The release of a sex tape featuring Love and Hip Hop Atlanta cast members Mimi Faust and Nikko Smith earlier this week has had the internet (mainly Black Twitter) abuzz. Per usual, everyone has an opinion on what appears to be a cliché publicity stunt.
One take from the blogosphere caught my eye though. In a post on Clutch Magazine with the bold headline “Dear Mimi: Sex Tapes Don’t Work for Black Women,” writer Britni Danielle argues that:
“Although it seems counterintuitive, sex tapes can have a huge upside for marginal celebrities, like Mimi and Niko, catapulting them into the mainstream and introducing them to a whole new audience. But there’s just one problem for Mimi: sex tapes don’t work for Black women.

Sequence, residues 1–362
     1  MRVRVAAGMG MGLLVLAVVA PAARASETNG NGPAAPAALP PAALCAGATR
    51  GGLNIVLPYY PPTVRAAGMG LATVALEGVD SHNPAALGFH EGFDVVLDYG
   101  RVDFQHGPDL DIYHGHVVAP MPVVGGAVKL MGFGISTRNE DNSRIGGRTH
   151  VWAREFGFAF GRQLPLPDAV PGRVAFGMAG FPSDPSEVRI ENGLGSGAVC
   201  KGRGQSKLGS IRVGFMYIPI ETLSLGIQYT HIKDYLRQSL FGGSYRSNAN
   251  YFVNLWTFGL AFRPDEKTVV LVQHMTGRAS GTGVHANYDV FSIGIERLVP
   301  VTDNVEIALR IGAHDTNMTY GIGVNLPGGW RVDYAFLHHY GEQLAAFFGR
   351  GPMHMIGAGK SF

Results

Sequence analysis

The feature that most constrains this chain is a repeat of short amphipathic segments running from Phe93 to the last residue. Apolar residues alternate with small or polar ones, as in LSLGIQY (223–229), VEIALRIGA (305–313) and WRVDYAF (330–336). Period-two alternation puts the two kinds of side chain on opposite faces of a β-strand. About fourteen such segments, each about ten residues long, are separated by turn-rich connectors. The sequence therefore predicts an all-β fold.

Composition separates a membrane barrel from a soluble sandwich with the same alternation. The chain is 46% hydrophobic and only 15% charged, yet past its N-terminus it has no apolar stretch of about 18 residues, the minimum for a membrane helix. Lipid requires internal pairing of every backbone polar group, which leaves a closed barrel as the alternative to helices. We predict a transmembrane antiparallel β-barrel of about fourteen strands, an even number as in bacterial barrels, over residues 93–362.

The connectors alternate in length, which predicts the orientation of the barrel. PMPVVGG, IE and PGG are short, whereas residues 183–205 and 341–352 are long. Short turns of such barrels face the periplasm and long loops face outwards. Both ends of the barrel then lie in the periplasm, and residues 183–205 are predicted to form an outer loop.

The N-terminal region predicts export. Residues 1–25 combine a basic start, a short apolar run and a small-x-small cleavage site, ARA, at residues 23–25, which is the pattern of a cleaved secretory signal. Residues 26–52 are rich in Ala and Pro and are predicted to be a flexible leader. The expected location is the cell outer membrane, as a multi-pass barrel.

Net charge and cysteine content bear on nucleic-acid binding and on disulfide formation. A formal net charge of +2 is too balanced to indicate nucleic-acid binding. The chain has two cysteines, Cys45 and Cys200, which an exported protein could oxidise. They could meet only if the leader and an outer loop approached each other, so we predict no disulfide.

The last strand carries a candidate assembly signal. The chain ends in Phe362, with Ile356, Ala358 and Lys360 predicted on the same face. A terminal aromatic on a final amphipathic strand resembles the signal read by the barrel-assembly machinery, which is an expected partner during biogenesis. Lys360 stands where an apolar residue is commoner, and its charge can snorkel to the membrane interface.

While several White women—Kim Kardashian, Pam Anderson, Paris Hilton–have leveraged their “leaked” tapes in a slew of opportunities from clothing lines and magazine covers to TV shows and endorsement deals, Black women who’ve pulled similar stunts have not faired nearly as well.”
Danielle compares the success and experience of these women to several black women who have been involved in similar incidents. During the 1980′s, former sports broadcaster Jayne Kennedy was involved in the first celebrity sex tape scandal after a VHS of her and then husband was stolen from their home. In 2002, rapper Eve enlisted the help of the FBI to track down the person who released a sexual video of her and then boyfriend Stevie J and was blackmailing her. Montana Fishburne made a decision to work in porn (which isn’t the same thing as a sex tape) and regretted it. Read More